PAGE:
CORK captain Michael Shields and Dublin corner-back Philip McMahon could miss their provincial championship openers if the GAA decides to discipline them for their rumble in the tunnel last Sunday.
Live TV images clearly captured the two players striking each other as the teams returned to their dressing-rooms at half-time and the GAA could come down hard on them to send out a warning before the provincial championships start.
The minimum suspension for a Category 2 offence like striking is four weeks and if that is the result they will not miss out.
However if the GAA charge them with a Category 3 infraction they would get minimum bans of eight weeks each, which would rule them out of their championship openers against Clare (May 22) and Laois/ Longford (June 5).
Category 3 is designed to cover serious infractions such as head-butting, stamping, kicking and striking with a hurl, but it also has a clause which includes "inflicting injury recklessly to an opponent".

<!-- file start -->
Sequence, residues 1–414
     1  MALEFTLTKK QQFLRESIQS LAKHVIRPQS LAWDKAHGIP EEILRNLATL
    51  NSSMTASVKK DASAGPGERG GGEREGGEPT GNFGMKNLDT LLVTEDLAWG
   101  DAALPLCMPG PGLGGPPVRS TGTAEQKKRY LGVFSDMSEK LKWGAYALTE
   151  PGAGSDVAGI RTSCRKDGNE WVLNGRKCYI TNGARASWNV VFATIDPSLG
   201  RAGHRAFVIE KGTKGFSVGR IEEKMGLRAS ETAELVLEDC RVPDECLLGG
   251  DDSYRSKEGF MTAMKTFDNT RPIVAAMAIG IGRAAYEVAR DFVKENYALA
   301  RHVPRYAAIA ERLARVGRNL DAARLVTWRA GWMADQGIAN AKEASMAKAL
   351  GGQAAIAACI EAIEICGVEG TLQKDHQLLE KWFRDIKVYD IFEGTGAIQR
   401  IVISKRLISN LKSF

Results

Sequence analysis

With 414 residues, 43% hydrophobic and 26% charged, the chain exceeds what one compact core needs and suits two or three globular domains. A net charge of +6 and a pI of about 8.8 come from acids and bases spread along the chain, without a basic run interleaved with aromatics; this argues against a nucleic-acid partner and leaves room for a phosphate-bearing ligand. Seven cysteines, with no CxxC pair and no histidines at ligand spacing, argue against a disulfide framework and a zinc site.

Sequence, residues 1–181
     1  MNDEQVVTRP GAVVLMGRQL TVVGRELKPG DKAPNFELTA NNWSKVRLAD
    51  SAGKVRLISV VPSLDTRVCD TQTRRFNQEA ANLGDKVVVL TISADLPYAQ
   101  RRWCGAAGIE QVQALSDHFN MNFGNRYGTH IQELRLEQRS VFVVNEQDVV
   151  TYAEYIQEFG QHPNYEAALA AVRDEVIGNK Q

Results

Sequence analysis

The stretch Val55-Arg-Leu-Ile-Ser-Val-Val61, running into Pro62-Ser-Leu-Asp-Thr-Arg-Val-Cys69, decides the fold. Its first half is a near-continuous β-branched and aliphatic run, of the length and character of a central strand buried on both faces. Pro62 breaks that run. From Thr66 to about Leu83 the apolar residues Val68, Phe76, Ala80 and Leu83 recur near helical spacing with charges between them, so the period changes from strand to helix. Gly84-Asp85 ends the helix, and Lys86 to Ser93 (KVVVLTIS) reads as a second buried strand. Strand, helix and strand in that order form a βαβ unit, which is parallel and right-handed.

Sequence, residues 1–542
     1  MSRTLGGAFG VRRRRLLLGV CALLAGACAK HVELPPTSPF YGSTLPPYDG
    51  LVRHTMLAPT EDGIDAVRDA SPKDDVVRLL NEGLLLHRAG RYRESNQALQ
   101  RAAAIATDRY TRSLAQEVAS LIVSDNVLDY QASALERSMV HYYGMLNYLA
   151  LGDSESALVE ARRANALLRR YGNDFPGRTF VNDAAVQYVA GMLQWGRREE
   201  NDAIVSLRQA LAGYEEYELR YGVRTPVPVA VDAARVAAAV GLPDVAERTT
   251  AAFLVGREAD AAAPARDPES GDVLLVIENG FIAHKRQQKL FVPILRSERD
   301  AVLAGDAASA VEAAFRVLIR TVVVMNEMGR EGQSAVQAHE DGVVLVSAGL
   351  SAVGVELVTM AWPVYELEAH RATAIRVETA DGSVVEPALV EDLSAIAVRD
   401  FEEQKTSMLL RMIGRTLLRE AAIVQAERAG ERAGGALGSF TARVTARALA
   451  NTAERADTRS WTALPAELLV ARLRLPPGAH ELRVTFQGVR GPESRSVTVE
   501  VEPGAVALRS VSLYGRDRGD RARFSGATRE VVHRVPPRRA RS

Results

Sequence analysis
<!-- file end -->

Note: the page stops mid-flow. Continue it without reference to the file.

There is also another scenario which may yet have more serious repercussions for their clubs, as these potential bans are all playing infractions and covered by Rule 17.2 (b) -- but this dust-up did not occur on the field of play.
The rule book also contains a section covering "disruptive conduct by players, team officials and supporters in the vicinity of the field of play" -- Rule 17.2 (d).
Shields and McMahon could, technically, be charged with breaking this rule, the penalty for which is "at the discretion of the committee in charge".
And unlike suspensions handed out for playing offences, which are code and competition specific (ie senior inter-county football), suspensions handed out under Rule 17.2 (d) apply across all codes and levels, so any ban applies to players at both club and representative level.
If they got a four-week ban under this rule they still wouldn't miss their county's senior championship openers but they would have to sit out any club games that fall in that period.